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Management of hydrocephalus and subdural hygromas in pediatric patients after decompression of Chiari malformation type I: case series and review of the literature.
J Neurosurg Pediatr. 2018 Oct; 22(4):426-438.JN

Abstract

OBJECTIVE

Hydrocephalus associated with subdural hygromas is a rare complication after decompression of Chiari malformation type I (CM-I). There is no consensus for management of this complication. The authors present a series of 5 pediatric patients who underwent CM-I decompression with placement of a dural graft complicated by posterior fossa hygromas and hydrocephalus that were successfully managed nonoperatively.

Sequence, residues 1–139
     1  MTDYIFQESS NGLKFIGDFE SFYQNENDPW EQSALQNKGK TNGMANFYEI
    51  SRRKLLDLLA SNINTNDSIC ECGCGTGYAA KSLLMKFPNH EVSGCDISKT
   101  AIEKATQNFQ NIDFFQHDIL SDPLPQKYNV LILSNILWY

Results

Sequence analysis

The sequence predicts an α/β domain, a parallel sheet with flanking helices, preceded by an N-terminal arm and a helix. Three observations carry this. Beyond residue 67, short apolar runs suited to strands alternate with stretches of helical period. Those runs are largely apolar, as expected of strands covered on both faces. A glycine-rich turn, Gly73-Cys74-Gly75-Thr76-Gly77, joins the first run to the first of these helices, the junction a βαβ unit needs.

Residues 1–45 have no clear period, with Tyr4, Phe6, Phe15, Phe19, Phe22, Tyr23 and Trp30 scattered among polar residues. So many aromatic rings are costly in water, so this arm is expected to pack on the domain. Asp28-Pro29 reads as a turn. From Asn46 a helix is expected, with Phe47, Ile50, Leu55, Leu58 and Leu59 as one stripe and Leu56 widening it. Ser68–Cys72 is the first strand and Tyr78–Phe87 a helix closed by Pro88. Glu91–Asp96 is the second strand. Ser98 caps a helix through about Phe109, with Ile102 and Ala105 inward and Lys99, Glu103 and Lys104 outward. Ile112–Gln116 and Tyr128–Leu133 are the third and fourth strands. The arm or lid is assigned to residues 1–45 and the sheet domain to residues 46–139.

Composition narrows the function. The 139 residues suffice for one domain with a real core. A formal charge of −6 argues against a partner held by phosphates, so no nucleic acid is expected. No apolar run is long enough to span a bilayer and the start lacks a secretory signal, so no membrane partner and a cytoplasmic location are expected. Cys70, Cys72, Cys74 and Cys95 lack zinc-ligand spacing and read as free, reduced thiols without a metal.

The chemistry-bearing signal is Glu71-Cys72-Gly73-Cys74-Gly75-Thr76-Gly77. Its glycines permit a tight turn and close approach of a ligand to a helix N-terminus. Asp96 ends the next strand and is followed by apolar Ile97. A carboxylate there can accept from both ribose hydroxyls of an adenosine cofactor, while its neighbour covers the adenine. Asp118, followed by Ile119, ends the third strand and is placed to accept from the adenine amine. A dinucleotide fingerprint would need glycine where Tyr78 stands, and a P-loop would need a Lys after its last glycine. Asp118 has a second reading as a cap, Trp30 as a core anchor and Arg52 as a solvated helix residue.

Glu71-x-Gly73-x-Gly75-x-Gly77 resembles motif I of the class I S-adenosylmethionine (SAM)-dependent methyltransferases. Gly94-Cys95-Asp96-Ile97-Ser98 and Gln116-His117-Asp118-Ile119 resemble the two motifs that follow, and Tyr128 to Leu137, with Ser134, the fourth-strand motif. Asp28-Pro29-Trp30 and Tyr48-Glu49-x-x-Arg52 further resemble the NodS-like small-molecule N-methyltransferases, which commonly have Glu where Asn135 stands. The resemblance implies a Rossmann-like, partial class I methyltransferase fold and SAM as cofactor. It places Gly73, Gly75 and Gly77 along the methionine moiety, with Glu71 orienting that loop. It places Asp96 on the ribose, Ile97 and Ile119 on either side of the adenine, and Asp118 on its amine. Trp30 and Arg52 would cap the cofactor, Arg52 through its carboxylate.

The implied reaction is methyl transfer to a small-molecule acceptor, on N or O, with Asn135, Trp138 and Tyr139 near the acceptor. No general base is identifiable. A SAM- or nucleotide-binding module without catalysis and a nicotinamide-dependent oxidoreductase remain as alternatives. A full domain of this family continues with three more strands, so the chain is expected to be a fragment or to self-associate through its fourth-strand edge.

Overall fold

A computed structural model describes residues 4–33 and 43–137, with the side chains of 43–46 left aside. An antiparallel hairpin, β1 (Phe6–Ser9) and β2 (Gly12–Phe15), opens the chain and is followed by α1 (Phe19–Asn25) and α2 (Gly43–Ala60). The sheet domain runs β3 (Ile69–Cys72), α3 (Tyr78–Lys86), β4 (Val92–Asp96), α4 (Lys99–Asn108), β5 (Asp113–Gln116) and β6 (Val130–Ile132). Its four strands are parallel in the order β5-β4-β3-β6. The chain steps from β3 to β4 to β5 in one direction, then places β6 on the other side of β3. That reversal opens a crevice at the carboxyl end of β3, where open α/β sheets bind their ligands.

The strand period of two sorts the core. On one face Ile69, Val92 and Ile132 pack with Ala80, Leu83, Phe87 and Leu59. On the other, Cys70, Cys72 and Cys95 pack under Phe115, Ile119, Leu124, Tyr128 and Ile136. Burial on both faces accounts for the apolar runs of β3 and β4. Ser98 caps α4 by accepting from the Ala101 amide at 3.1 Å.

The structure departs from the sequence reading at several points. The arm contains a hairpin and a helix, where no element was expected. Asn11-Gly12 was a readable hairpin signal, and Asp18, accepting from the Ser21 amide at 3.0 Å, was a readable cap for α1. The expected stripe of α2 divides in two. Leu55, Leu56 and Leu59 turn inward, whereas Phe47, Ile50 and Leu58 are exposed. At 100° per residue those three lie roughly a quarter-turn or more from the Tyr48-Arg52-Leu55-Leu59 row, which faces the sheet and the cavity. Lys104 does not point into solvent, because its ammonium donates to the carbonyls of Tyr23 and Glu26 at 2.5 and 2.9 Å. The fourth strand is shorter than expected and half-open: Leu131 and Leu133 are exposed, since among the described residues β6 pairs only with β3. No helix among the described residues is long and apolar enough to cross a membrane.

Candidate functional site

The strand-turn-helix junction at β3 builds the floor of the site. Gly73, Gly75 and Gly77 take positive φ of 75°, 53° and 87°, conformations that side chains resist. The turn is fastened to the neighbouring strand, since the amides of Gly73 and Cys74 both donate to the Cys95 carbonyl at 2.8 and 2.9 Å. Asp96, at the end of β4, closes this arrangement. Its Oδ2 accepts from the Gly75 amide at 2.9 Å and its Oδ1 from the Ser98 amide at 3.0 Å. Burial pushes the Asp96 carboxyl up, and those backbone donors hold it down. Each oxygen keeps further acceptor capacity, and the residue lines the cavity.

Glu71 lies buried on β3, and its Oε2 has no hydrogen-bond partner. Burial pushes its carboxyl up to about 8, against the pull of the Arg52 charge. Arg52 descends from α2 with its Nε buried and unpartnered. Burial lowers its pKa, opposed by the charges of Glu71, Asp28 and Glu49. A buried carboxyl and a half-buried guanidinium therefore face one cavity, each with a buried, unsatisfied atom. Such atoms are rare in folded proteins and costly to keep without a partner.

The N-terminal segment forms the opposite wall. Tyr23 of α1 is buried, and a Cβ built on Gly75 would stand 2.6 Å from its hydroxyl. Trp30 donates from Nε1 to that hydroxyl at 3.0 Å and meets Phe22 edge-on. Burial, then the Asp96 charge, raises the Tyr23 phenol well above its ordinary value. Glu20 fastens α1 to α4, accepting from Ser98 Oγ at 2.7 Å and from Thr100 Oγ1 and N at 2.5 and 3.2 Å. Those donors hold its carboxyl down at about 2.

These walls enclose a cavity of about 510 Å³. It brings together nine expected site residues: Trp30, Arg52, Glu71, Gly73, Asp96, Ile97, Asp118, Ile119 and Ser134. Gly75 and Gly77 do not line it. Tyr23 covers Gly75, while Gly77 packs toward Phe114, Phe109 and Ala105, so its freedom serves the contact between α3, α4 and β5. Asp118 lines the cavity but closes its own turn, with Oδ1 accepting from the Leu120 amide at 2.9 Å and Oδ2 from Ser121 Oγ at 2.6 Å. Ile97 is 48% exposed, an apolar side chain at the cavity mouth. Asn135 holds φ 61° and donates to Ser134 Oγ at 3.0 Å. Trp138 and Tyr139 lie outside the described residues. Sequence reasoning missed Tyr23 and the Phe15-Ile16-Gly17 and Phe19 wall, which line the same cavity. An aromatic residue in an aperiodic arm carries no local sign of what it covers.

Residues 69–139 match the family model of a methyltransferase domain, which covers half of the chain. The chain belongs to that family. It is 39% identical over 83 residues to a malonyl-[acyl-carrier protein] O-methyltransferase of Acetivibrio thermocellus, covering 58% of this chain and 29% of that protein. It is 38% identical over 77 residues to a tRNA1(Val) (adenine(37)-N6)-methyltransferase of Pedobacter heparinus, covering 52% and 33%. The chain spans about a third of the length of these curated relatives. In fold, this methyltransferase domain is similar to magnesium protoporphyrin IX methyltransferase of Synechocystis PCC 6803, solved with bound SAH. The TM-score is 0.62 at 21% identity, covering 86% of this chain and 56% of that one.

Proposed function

METHODS

A retrospective review over the last 5 years of patients who presented with hydrocephalus and subdural hygromas following foramen magnum decompression with placement of a dural graft for CM-I was conducted at 2 pediatric institutions. Their preoperative presentation, perioperative hospital course, and postoperative re-presentation are discussed with attention to their treatment regimen and ultimate outcome. In addition to reporting these cases, the authors discuss all similar cases found in their literature review.

RESULTS